The sycamore maple is a tall, stately deciduous tree with a distinctive bark that stands out from other maples and is somewhat reminiscent of that of the Platanus tree. This is even reflected in the sycamore's Latin species name - pseudoplatanus, which can be translated as "false Platanus tree." It is the largest maple and one of the largest representatives of its genus. It plays an important role in forming mountainous moist and shady forests, both as an element of their phytocenosis and as a source of valuable wood.
Sycamore Maple - Acer pseudoplatanus - also called sycamore, belongs to the soapberry family (Sapindaceae).
The soapberry family includes 144 genera, with about 1900 species distributed worldwide, except the circumpolar regions.
Many family representatives are of great commercial importance as fruit trees, among which the rambutan and the Chinese lychee are of most significant commercial importance. Maple syrup is obtained from various species of maple, and the seeds of Paulinia guarana and other species of the genus are rich in caffeine and are used in the preparation of a stimulating beverage. Soapberry seeds and fruits, rich in saponins, have been used as soaps. Sapindaceae also includes species grown as ornamental plants (chestnut, maple, bicentennial and rosemary).
It is native to central Europe and western Asia (from France eastward to Ukraine, northern Turkey, and the Caucasus, and in the mountains of northern Spain and Italy).
In other areas where it occurs, it has been introduced (other parts of Europe, North America, Australia, New Zealand) and can become an invasive species.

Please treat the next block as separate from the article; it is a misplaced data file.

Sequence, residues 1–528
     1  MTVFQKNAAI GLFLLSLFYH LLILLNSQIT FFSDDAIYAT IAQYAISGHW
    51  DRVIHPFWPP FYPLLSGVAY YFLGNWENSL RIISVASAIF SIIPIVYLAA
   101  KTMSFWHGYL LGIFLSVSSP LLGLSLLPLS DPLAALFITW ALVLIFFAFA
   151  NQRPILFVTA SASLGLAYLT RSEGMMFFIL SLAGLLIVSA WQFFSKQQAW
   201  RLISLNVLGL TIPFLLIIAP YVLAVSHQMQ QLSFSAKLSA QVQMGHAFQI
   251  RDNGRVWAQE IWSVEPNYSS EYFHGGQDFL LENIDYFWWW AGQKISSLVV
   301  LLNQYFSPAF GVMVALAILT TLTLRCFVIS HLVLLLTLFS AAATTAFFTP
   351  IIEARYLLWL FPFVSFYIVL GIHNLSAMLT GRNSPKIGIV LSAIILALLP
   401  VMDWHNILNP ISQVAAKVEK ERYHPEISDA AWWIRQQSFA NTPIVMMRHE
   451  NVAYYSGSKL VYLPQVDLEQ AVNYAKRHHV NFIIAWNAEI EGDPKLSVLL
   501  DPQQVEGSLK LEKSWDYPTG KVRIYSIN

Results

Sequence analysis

It is most frequently found as an admixture in moist, shady mountain foliage and mixed woods, on the banks of mountain streams, in the trees in the midst of fields.
In the mountains, it sometimes forms compact stands.
Sycamore prefers areas with a cool and moist climate.
It grows in nutrient-rich, medium and stony soils. Young specimens tolerate partial shade well, while an adult tree is light-loving. It is resistant to pests and environmental pollution.
The sycamore is one of the largest trees among the maples.
It is a tall, stately tree with a straight, thick, regular trunk and a broad, strongly arched crown. When the trees grow in dense stands, the trunk is cleared of branches to a height of several meters. Trees growing singly are usually deeply branched. The crown of the sycamore is broad, obovate or spherical, domed, fairly densely branched. The branches are thick and robust, relatively straight and usually rise steeply.
The sycamore maple is known for its high resistance to being blown over by the wind.
Its strong root system anchors it firmly in the ground.
A characteristic feature of the sycamore that distinguishes it from other maples is its bark.
Young specimens have a silver-gray, smooth bark, sometimes with a black, sooty coating. Over time, the bark turns brownish, gray, or gray-black and is fissured into scaly sections. This makes it similar to Platanus trees, which is reflected in the Latin species name pseudoplatanus.
Sycamore leaves are lobed, single.
The blade is roundish, palmately lobed, large, 10-20 cm (3,93 - 7,87 in) long and about the same width, dark green on the upper surface and gray-green underneath, blunt, slightly hairy at the nerve angles on the underside. The lobes, 5 in number, are ovate, pointed at the end, separated by a wedge-shaped indentation, irregularly toothed or filed on the edges. The toothed edges are flatter and softer than in common maple.